“A lot of times there is an inclination to execute the same development programs because they’ve been done before, but I don’t think that’s the best thing to do. You have to listen to attorney demands and understand what the people who are here right now need at the levels they are at now.”




“First, you have to have the buy-in,” says Sharon Meit Abrahams, Director of Professional Development/Diversity & Inclusion at Foley & Lardner LLP. She’s also a member of the South Florida Chapter and currently serves as Chair of ALA’s Professional Development Advisory Committee. “You have to determine the reason you want coaching in the firm and the reason for the coaching. Then firms need to decide their commitment level. Are they going to hire someone to do it full time or are they going to outsource?”

Of course, even the most meticulous planning won’t suffice if the benefiting attorneys aren’t actively engaged in the coaching.

“Coaching success depends on the willingness of the person being coached,” says Armstrong. “The goals and expectations need to be defined very carefully, from both the person’s and the firm’s perspectives.”

3. FOCUS ON PARTNERS

Coaching and other development tools aren’t solely for law firm associates, though.

“We’re much more focused these days on training and development in general at the partner level,” says Armstrong. “Many law firms have realized there is value in focusing especially on the development of new partners and of partners stepping into roles leading groups or offices.”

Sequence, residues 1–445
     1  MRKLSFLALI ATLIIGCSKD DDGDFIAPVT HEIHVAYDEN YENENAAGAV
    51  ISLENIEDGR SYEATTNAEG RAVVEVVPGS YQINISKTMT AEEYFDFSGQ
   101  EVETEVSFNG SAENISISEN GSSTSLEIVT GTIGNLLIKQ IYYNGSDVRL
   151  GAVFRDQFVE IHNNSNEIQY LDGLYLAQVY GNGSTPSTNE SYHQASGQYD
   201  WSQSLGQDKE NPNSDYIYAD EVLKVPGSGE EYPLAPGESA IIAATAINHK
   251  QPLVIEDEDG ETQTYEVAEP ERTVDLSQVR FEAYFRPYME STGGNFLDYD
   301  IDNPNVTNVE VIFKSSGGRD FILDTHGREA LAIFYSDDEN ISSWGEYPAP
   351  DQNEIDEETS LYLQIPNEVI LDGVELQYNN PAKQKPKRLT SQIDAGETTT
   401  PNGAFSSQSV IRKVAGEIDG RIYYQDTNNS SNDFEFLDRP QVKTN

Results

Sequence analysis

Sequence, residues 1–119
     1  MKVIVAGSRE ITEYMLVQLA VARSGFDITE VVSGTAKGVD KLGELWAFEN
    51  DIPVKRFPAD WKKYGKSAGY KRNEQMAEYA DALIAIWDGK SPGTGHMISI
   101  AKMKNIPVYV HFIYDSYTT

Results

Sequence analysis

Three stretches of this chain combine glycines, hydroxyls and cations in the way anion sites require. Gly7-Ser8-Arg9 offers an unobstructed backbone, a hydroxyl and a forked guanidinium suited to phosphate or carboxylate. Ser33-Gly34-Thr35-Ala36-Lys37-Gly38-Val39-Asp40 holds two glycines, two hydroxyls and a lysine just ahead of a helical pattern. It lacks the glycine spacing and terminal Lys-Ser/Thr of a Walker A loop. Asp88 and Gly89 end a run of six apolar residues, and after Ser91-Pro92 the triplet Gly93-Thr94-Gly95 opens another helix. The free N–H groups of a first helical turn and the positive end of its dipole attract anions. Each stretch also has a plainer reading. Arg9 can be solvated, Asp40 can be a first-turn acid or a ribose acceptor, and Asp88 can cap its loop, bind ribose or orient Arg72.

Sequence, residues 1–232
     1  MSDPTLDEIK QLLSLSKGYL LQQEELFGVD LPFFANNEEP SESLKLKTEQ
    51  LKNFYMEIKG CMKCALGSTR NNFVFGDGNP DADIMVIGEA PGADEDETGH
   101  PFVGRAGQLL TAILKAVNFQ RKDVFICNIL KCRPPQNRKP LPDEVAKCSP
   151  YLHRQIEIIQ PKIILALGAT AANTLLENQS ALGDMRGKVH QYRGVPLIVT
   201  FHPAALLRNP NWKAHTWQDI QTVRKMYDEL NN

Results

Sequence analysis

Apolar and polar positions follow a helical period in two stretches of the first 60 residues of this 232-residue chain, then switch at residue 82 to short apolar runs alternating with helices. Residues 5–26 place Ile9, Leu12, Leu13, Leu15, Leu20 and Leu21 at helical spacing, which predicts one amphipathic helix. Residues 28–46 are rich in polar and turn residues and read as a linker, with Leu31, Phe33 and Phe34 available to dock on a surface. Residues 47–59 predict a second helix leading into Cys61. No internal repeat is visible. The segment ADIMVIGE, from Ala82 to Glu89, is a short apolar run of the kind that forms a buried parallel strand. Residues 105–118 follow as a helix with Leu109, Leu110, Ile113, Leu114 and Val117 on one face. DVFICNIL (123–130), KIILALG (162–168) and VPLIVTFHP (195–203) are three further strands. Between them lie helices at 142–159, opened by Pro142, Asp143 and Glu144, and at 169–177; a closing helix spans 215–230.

Coaching and sponsorship is particularly valuable for new income partners, who may have a limited amount of time to prove that they should be promoted to equity partners, notes Armstrong.

Firms are also engaging in more training for practice group leaders. According to Abrahams, many senior attorneys assume these roles with little to no training, yet their success is critical to the firm.

“Many firms have woken up to the [reality] that they have no choice but to make sure the leadership at that level is doing what they’re supposed to,” says Abrahams.

4. OFFER “BITE-SIZE” TRAINING

Given changing learning preferences, firms are increasingly embracing the idea of microlearning or “bite-size” learning. This type of training can range anywhere from a few seconds to 15 minutes, says Steve Gluckman, Founder and Chief Executive Officer of LawFirmElearning, who also describes this type of training as a “SkillBurst.”

Bite-size training corresponds with the way that many people consume information today.


“Firms should back away from thinking training is the name of the game. It is how the training can fit in with what happens before and after the training that becomes the key question.”




“Attention spans have gotten shorter,” says Gluckman. “People don’t have a lot of time.” As a result, attorneys are receptive to shorter training sessions that they can digest quickly and access whenever they need it.

While lengthy continuing legal education (CLE) programs remain necessary to attorney learning, firms are using microlearning as an alternative tool for both CLE and in-time training.

For example, some firms create modular CLE e-learning programs, says Gluckman. The course is broken into multiple chapters, so attorneys can quickly review an individual topic. But the program can also be viewed in its totality to receive CLE credit.

“If you set it up correctly, you can leverage that one resource in a number of ways,” says Gluckman.

5. ENCOURAGE PARTICIPATION AND OWNERSHIP